Martin Truex Jr. – Like his teammate, Truex had the misfortune of being one of the first drivers to head full-speed into a wet turn 1 and lose control. The wet surface caused multiple cars to lose control, and Truex was one of the drivers to come away with the most damage. As the team worked to make repairs, they had already lost one of their best chances to fight for a win. After spending multiple weeks working back to top-10 finishes, the decision to start the race with the threat of rain left Truex back in 12th, which was his lowest finish since the first of the Pocono double-header races. A bright spot awaits Truex after the two-week break, however. Another roadcourse visit could be the tonic he needs to put his New Hampshire woes behind him quickly.

Chris Buescher – Buescher's playoff hopes took another beating Sunday in New Hampshire. One week after being knocked out of the playoff positions with Kurt Busch's Atlanta win, Buescher was caught up in Bubba Wallace's spin roughly halfway through the race. Buescher was racing underneath Wallace coming off of the turn when Wallace's car spun to the inside, pushing Buescher into the inside wall. The Roush Fenway Racing driver finished three laps behind the leaders in 29th following the incident. Buescher has now not had a top-15 finish since Charlotte and faces a 121-point gap to the top 16 in points. He is in a must-win situation to regain a spot in the playoffs.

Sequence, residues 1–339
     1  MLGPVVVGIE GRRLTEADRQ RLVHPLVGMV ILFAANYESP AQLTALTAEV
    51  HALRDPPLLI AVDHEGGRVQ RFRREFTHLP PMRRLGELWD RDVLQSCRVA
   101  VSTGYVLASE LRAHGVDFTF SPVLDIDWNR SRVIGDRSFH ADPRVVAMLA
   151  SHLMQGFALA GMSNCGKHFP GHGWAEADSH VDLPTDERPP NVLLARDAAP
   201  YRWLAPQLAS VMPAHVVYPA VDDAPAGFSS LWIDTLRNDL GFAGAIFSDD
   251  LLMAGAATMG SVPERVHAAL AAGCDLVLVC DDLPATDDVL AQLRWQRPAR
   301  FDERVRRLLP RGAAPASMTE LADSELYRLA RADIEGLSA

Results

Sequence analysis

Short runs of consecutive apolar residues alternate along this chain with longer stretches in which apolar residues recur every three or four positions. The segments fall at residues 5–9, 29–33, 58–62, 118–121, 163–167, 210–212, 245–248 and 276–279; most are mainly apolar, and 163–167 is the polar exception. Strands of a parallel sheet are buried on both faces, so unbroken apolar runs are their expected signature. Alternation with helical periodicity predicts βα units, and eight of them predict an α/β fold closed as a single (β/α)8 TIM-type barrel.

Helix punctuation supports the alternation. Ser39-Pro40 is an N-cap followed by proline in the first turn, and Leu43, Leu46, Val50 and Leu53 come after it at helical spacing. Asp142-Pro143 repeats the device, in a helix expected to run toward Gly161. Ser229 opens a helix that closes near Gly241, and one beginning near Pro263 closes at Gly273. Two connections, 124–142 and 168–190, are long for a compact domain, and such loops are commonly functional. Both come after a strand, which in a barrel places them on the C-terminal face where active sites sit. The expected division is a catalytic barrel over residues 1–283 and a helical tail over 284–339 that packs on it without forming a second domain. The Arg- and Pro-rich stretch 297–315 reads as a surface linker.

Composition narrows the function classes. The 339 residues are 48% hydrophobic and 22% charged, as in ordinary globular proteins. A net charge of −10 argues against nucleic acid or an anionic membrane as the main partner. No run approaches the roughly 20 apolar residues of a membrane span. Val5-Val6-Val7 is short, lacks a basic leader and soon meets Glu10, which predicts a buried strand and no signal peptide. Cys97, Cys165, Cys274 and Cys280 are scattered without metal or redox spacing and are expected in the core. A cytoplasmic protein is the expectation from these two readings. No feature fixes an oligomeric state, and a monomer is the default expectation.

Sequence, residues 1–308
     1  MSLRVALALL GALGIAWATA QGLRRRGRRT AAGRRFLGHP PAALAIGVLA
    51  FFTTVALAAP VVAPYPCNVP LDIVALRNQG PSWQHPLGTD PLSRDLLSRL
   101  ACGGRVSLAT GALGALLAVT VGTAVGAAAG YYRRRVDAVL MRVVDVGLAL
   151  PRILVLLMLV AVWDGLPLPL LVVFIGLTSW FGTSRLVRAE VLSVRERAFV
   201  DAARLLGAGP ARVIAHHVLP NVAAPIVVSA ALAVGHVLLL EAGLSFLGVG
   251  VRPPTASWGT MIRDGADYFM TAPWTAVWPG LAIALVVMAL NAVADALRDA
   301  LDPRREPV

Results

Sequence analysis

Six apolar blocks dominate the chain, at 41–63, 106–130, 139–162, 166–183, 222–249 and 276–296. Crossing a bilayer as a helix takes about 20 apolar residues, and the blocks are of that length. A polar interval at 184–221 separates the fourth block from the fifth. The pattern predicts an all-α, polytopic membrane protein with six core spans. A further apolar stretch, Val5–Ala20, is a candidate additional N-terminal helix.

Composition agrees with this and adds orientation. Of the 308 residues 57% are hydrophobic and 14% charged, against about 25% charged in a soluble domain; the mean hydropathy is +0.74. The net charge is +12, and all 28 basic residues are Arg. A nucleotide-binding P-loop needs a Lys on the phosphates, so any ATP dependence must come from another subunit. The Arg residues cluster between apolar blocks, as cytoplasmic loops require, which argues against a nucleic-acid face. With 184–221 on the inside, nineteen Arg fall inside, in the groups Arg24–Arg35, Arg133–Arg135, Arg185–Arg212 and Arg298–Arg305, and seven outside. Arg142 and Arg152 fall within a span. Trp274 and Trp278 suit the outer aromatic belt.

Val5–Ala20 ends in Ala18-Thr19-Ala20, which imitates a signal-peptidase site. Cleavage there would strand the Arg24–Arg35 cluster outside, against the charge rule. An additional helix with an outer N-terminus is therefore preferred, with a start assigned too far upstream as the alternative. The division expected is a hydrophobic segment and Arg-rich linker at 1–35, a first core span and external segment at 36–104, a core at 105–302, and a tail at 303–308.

BIGGEST SURPRISE

Joey Logano – Aside from Almirola's victory, Logano and the No. 22 team's comeback from a two-lap penalty to finish fourth may have been the biggest surprise of the race. Under the red flag, Logano's team put a camera under the hood to identify a linkage issue that was affecting his throttle. Logano and the team characterized the infraction as a safety issue, but NASCAR deemed taking the photos a violation of the rule that bans working on cars while under red-flag conditions. The No. 22 served the punishment and then impressively battled back to join his Penske teammates in the top five finishing positions, leaving us to wonder what might have been possible without the penalty. Up next is Watkins Glen where Logano has one victory.

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ABOUT THE AUTHOR
C.J. Radune
Radune covers NASCAR, Formula 1 and soccer for RotoWire. He was named the Racing Writer of the Year by the Fantasy Sports Writers Association in 2012 and 2015.